Thursday, September 6, 2012

The Sudoku of Surnames.

The most popular Japanese name among the Tamil Diaspora is not Honda, Suzuki, Yamaha or Mitsubishi. It’s Nikumo Nikado. In case you’re wondering what that means, all I can say is it’s a vintage mokkai (Tamil for PJ) conjured up during the times when the ‘Land of the Rising Sun’ (not to be confused with the real estate owned by DMK) was dominant enough for some droll Dravidian to pop the question: what’s Jap for the ‘Leaning Tower of Pisa’?

Jokes aside, now that we’ve got you thinking about ‘Made in Japan’ names, it’s perhaps the right moment to slip in a neat piece of trivia. Did you know that it was illegal for 90% of Japan to have a surname, for almost 280 years, between 1587 and 1867? Things changed when the Meiji government passed a decree on Feb 13, 1875, ordering all citizens to compulsorily register their surnames!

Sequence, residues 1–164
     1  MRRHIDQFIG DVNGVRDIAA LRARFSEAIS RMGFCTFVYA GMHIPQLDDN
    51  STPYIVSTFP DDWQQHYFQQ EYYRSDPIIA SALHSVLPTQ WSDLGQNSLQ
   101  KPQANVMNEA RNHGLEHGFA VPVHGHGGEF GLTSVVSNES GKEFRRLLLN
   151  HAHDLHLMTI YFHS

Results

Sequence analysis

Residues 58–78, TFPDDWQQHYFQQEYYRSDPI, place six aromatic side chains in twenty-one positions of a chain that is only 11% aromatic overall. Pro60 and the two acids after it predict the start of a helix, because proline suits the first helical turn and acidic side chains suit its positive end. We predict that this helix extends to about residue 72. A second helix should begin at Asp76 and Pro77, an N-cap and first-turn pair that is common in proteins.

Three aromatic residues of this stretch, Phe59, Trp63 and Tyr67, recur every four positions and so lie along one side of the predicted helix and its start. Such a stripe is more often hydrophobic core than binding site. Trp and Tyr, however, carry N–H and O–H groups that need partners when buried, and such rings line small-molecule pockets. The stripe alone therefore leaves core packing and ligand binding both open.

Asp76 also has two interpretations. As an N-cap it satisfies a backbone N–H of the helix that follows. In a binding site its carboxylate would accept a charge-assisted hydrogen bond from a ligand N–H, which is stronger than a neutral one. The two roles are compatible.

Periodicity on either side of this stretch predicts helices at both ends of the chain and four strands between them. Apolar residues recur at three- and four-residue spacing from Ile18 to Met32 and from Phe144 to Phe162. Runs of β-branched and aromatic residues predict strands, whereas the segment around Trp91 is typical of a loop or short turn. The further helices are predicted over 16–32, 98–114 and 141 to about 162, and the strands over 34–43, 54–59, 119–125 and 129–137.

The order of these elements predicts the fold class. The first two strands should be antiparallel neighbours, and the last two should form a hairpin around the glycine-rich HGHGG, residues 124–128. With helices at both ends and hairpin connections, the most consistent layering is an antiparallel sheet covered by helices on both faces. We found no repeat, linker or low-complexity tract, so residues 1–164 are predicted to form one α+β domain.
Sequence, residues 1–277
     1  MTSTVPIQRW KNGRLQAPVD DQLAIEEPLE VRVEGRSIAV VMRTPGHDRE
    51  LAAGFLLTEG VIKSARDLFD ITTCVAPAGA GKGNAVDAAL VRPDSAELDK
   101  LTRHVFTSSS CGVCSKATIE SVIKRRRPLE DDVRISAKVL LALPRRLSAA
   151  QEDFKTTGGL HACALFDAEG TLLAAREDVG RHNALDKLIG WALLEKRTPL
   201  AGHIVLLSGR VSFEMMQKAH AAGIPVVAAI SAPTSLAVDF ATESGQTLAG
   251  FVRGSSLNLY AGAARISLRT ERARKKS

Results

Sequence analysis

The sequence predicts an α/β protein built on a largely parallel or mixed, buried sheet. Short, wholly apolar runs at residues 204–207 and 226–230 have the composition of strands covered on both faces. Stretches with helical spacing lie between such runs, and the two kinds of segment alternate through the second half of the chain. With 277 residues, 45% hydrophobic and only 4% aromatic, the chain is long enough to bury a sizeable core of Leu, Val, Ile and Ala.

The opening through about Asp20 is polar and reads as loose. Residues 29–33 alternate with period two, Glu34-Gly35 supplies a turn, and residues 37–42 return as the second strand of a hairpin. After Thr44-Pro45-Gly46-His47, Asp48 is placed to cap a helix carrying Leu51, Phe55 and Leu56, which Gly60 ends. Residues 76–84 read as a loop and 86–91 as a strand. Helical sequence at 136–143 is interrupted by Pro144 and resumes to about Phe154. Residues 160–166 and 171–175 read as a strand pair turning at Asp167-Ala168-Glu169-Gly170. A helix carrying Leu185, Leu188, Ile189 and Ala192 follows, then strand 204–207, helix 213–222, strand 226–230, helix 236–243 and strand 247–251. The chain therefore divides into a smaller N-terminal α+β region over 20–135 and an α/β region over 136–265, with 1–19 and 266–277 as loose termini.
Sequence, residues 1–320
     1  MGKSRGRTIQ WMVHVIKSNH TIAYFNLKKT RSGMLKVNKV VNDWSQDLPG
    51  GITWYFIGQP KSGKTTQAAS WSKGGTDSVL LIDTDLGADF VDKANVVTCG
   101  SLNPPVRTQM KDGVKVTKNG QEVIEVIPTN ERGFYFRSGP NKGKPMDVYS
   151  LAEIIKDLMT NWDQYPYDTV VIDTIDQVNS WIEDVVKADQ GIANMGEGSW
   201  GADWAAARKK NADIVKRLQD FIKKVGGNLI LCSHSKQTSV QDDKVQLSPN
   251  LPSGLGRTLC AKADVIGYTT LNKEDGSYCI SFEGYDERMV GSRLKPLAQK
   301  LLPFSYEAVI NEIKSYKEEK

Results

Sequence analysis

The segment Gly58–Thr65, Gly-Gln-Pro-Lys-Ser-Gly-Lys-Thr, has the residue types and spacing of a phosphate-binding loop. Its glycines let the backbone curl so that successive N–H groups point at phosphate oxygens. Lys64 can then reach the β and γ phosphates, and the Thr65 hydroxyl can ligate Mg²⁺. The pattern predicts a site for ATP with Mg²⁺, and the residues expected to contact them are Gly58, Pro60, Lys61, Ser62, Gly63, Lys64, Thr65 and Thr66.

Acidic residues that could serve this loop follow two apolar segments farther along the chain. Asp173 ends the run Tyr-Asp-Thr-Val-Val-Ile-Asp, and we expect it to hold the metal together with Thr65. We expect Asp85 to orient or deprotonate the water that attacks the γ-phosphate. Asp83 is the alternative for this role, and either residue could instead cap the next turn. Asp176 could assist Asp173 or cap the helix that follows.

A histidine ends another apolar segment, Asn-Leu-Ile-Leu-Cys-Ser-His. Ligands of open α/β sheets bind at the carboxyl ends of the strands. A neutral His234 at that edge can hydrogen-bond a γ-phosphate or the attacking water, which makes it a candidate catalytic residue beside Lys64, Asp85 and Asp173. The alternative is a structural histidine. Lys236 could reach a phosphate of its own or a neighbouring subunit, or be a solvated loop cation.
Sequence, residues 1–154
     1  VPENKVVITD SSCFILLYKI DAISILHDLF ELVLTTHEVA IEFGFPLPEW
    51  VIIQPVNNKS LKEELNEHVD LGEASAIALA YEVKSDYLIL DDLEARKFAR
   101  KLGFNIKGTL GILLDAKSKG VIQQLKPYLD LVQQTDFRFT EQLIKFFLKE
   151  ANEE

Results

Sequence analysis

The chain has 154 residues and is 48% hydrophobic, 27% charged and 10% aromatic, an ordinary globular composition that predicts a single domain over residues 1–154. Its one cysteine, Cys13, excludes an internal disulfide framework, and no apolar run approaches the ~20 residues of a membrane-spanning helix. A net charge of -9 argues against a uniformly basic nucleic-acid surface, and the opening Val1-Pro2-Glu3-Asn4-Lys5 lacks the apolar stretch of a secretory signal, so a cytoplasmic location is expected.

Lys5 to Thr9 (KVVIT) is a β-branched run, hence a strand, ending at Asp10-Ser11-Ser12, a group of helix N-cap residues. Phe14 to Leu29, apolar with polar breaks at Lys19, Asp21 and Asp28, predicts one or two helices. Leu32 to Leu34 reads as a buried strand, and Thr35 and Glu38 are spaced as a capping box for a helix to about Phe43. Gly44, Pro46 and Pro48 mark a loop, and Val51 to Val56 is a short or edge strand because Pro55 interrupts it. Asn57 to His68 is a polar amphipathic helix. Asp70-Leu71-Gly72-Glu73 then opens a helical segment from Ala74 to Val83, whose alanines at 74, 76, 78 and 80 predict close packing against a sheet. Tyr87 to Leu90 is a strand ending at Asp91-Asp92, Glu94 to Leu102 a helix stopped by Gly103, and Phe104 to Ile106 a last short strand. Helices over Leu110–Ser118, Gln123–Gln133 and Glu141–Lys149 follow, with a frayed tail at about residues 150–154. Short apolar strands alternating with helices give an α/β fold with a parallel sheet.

The result was a mad name rush. Everyone from the geisha girl next door to the ninja turtle in the sewers, rushed to their local priests, seeking help. The harried men of god donned the role of wordsmiths and minted thousands of rustic sounding surnames by investing as much time as it takes to make Top Ramen noodles.

The hastily cooked names would amuse you if one dissects them. The 'Kurusawa' in Akira Kurusawa does not mean anything poetic. It just indicates ‘the black swamp’ from where his forefathers originated. The fashion brand ‘Yamamoto’ just means ‘mountain base’. Likewise ‘Suzuki’ is ‘rice ear’, ‘Matsushita’ is ‘below pine tree’, ‘Kawasaki’ is ‘river peninsula’, ‘Honda’ is ‘rice root’ and Toyoda (which gave rise to Toyota) cues ‘abundant rice field’.

The obsession with rice and paddy was largely because farming was the lead occupation. And you can’t blame the priests for their pedestrian choice as surnames are by definition meant to answer the ‘where are you from?’ question. Given that framework, they picked the likes of ‘Fujimori’ (Wisteria forest) and ‘Kobayashi’ (small grove). But now that Nippon has evolved into a highly industrialised society, may be it’s time the Japanese said sayonara to their legacy names and konnichi wa to modernity.